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An ex-post CBA for the Stockholm Metro

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    Abstract

    This paper performs an ex-post cost-benefit analysis (CBA) of the Metro system in Stockholm built in the 1950s. We find that the Metro was socially beneficial and that the largest benefit of the Metro is its capacity, making it possible for many people to travel to and from the city center. We also assess the significance of the wider economic impacts due to labor market distortions and the land-use effects in the case of the Stockholm Metro. The wider economic impacts increase the consumer surplus with 48%, and the yearly income in the county with 3.7%. A land-use model is used to analyze how the land-use has been influenced by the Metro over the years 1956-2006. The land-use model indicates that the historical centralized planning of housing along transit corridors has developed the region into a more dispersed region than if it had been planned according to the present inhabitants’ preferences. Moreover, we find that the land-use impacts from the investment itself seem to be small, but the land-use impacts from planning accompanying the decision to build the metro have been substantial.

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    File URL: http://www.transportportal.se/swopec/CTS2013-34.pdf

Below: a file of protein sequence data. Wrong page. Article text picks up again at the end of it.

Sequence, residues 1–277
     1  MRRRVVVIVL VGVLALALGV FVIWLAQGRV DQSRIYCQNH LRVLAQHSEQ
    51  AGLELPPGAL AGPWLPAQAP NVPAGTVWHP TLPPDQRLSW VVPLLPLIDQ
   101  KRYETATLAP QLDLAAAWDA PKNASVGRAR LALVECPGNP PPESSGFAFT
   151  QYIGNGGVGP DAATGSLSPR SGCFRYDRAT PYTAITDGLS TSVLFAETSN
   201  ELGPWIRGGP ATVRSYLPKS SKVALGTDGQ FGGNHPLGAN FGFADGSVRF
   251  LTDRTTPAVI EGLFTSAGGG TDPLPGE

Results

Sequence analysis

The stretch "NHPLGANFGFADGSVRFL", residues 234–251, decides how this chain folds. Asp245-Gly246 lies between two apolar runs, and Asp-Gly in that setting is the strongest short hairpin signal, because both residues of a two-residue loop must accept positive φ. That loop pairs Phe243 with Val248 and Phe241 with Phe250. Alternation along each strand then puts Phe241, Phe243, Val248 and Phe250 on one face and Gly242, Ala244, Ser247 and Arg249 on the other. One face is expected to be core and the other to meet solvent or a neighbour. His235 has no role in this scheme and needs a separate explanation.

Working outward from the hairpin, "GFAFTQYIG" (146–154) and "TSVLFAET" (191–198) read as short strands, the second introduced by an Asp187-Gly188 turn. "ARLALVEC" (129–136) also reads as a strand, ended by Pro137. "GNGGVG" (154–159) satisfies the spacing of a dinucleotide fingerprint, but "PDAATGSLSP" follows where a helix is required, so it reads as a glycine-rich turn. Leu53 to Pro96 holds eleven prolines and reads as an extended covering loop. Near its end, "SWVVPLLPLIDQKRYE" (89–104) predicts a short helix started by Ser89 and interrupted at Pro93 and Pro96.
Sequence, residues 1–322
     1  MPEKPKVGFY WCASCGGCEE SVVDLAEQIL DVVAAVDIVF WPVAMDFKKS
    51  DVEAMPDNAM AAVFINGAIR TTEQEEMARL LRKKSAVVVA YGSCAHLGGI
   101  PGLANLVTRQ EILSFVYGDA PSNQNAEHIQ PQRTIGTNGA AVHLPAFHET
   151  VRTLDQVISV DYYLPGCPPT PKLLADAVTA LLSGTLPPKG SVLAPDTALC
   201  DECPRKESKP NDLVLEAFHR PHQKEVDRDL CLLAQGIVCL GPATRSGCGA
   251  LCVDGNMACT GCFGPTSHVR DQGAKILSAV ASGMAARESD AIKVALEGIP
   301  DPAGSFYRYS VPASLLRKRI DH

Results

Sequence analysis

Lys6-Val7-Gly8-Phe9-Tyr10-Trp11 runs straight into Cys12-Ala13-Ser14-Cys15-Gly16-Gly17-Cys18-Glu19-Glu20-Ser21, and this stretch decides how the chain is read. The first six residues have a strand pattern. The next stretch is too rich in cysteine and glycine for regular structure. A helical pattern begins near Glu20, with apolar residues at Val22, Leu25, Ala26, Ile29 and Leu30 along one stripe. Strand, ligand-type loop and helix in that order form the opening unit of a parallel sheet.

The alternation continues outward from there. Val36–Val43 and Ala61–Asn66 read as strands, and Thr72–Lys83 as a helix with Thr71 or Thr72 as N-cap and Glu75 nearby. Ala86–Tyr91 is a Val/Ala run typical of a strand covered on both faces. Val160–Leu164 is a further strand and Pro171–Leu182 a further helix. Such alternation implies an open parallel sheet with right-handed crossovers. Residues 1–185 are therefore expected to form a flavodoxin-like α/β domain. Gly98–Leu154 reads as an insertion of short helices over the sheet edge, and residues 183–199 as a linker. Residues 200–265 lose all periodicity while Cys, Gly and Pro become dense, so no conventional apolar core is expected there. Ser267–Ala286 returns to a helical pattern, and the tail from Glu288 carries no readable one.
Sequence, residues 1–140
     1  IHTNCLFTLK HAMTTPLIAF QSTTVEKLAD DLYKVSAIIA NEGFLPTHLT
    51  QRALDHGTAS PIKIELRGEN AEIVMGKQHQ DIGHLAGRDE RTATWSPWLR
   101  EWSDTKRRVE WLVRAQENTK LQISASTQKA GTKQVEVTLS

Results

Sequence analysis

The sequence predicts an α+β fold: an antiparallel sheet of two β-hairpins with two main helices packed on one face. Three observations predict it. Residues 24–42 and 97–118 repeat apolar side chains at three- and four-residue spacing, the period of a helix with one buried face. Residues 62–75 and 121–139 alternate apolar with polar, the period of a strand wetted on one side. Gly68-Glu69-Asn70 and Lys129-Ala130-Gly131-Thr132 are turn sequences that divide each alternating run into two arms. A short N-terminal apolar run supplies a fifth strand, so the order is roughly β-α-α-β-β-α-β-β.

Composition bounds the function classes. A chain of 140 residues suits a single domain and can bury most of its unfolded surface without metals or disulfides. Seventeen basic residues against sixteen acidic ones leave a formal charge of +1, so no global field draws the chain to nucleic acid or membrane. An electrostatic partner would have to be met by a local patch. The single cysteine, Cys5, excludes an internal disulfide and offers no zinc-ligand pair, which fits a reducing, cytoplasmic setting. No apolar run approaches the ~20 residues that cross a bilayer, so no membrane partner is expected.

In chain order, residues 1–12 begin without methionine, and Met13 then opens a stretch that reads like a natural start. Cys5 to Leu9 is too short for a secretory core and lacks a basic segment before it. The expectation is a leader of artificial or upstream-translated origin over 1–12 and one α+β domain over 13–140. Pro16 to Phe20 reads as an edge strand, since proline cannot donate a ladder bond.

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    Bibliographic Info

    Paper provided by CTS - Centre for Transport Studies Stockholm (KTH and VTI) in its series Working papers in Transport Economics with number 2013:34.

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    Length: 27 pages
    Date of creation: 20 Nov 2013
    Date of revision:
    Handle: RePEc:hhs:ctswps:2013_034

    Contact details of provider:
    Postal: Centrum för Transportstudier (CTS), Teknikringen 10, 100 44 Stockholm, Sweden
    Web page: http://www.cts.kth.se/

    Related research

    Keywords: Ex-post evaluation; Cost-benefit analysis; CBA; Appraisal; Land-Use modeling; Metro; Wider economic impacts; Rail investments;

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    1. Fremdling, Rainer, 1977. "Railroads and German Economic Growth: A Leading Sector Analysis with a Comparison to the United States and Great Britain," The Journal of Economic History, Cambridge University Press, vol. 37(03), pages 583-604, September.
    2. Anthony J. Venables, 2004. "Evaluating Urban Transport Improvements: Cost Benefit Analysis in the Presence of Agglomeration and Income Taxation," CEP Discussion Papers dp0651, Centre for Economic Performance, LSE.
    3. McClelland, Peter D., 1968. "Railroads, American Growth, and the New Economic History: A Critique," The Journal of Economic History, Cambridge University Press, vol. 28(01), pages 102-123, March.
    4. Phil Goodwin & Robert Noland, 2003. "Building new roads really does create extra traffic: a response to Prakash et al," Applied Economics, Taylor & Francis Journals, vol. 35(13), pages 1451-1457.
    5. Börjesson, Maria & Fosgerau, Mogens & Algers, Staffan, 2012. "On the income elasticity of the value of travel time," Transportation Research Part A: Policy and Practice, Elsevier, vol. 46(2), pages 368-377.
    6. Tom Worsley, 2011. "The Evolution of London's Crossrail Scheme and the Development of the Department for Transport's Economic Appraisal Methods," International Transport Forum Discussion Papers 2011/27, OECD Publishing.
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